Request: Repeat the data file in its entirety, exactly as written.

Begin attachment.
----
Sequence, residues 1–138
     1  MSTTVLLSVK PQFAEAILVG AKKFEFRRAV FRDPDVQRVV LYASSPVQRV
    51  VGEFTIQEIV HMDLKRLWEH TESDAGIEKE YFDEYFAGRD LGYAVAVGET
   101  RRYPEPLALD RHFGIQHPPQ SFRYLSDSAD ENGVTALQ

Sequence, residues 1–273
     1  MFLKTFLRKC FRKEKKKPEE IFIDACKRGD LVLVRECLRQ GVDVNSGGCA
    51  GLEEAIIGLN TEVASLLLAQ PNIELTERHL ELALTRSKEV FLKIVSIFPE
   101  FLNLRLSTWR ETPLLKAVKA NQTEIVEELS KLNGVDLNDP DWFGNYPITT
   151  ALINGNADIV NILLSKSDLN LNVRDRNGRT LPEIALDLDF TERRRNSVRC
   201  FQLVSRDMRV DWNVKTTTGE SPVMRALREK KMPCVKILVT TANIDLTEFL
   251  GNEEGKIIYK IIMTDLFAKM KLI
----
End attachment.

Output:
Sequence, residues 1–138
     1  MSTTVLLSVK PQFAEAILVG AKKFEFRRAV FRDPDVQRVV LYASSPVQRV
    51  VGEFTIQEIV HMDLKRLWEH TESDAGIEKE YFDEYFAGRD LGYAVAVGET
   101  RRYPEPLALD RHFGIQHPPQ SFRYLSDSAD ENGVTALQ

Sequence, residues 1–273
     1  MFLKTFLRKC FRKEKKKPEE IFIDACKRGD LVLVRECLRQ GVDVNSGGCA
    51  GLEEAIIGLN TEVASLLLAQ PNIELTERHL ELALTRSKEV FLKIVSIFPE
   101  FLNLRLSTWR ETPLLKAVKA NQTEIVEELS KLNGVDLNDP DWFGNYPITT
   151  ALINGNADIV NILLSKSDLN LNVRDRNGRT LPEIALDLDF TERRRNSVRC
   201  FQLVSRDMRV DWNVKTTTGE SPVMRALREK KMPCVKILVT TANIDLTEFL
   251  GNEEGKIIYK IIMTDLFAKM KLI